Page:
Wednesday, March 18, 2009

let it die 

Rushkoff is an odd bird. From what I've gleaned from a quick perusal of his writings he seems to advocate some sort of market anarchist or mutualist economic system and defines his enemy as "corporatism". I can't see what distinction he makes between "corporatism" and "capitalism", and suspect it may just be a rhetorical choice to avoid getting dismissed as a leftist.

At any rate, he's got an interesting piece up that's worth a read:

if anything, it’s even more important for us to come to grips with the fact that the system in peril is not a natural one, or even one that we should be attempting to revive and restore. The thing that is dying—the corporatized model of commerce—has not, nor has it ever been, supportive of the real economy. It wasn’t meant to be. And before we start lamenting its demise or, worse, spending good money after bad to resuscitate it, we had better understand what it was for, how it nearly sucked us all dry, and why we should put it out of our misery.


President Obama may be smarter than most of us, but he’s still attempting to rescue the very institutions that robbed us in the first place. He’s not a socialist, as conservatives may be arguing, but he is a corporatist. Using future tax dollars to fund government job programs is one thing. Using future tax dollars to give banks more money to lend out at interest is robbing from the poor to pay the rich to rob from the poor.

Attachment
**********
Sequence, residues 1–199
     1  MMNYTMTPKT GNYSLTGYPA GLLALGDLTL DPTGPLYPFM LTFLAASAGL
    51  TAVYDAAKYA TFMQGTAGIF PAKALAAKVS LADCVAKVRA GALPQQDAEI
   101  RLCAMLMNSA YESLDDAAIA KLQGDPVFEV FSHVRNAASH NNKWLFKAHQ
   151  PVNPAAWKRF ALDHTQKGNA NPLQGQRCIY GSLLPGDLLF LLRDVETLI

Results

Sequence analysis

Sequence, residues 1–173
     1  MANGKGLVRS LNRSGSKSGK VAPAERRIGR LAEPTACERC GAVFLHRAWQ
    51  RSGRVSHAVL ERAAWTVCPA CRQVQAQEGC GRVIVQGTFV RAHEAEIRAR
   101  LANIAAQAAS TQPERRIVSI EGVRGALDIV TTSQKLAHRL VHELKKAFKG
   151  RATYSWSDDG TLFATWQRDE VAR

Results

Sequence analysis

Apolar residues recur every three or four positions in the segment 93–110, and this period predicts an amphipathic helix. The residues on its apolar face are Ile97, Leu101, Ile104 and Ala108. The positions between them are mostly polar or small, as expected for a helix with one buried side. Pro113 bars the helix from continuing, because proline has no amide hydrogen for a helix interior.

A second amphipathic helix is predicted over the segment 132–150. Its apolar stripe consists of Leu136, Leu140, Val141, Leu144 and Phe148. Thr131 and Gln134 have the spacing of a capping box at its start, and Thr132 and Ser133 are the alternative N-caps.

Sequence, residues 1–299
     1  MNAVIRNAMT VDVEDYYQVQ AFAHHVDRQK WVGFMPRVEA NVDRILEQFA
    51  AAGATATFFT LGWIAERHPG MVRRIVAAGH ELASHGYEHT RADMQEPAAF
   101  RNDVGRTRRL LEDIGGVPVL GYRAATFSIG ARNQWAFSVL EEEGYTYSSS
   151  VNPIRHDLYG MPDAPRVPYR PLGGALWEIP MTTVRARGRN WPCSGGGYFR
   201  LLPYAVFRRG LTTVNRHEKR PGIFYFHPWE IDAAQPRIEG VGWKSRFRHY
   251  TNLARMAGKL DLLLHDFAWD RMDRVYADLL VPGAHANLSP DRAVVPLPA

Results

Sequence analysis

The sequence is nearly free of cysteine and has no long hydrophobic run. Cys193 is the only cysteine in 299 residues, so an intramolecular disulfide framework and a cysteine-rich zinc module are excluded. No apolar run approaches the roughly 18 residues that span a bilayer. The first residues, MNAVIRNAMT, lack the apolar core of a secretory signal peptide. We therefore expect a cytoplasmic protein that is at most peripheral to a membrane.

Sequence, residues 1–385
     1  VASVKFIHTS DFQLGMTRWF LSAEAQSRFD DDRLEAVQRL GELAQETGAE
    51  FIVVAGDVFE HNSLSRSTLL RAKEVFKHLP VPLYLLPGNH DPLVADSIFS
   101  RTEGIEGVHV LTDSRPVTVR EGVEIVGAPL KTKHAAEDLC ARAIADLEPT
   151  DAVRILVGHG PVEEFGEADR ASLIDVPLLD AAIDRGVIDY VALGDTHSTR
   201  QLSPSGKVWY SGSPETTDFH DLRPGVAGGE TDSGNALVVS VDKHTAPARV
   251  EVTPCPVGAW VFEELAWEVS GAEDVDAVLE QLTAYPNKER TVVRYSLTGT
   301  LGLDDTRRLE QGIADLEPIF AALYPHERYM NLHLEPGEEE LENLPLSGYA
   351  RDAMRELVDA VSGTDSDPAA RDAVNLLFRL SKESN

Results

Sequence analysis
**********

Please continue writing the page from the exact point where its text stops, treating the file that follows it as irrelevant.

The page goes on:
As painful as it might be to watch, and as irritating as it might be to those with shrinking retirement savings, the collapse of the centralized corporate economy is ultimately a good thing. It makes room for a real economy to rise up in its place.


Deprived of centralized banks and corporations, we’ll be forced to do things again. And in the process, we’ll find out that these institutions were not our benefactors at all. They were never meant to be. They were invented to mediate transactions between people, and extract the value that would have passed between us. Far from making commerce or industry more efficient, they served to turn the real world into a set of speculative assets, and real people into debtors.

The current financial crisis is the best opportunity we have had in a very long time for a bloodless revolution against the faceless fascism under which we have been living, unaware, for much too long. Let us seize the day.


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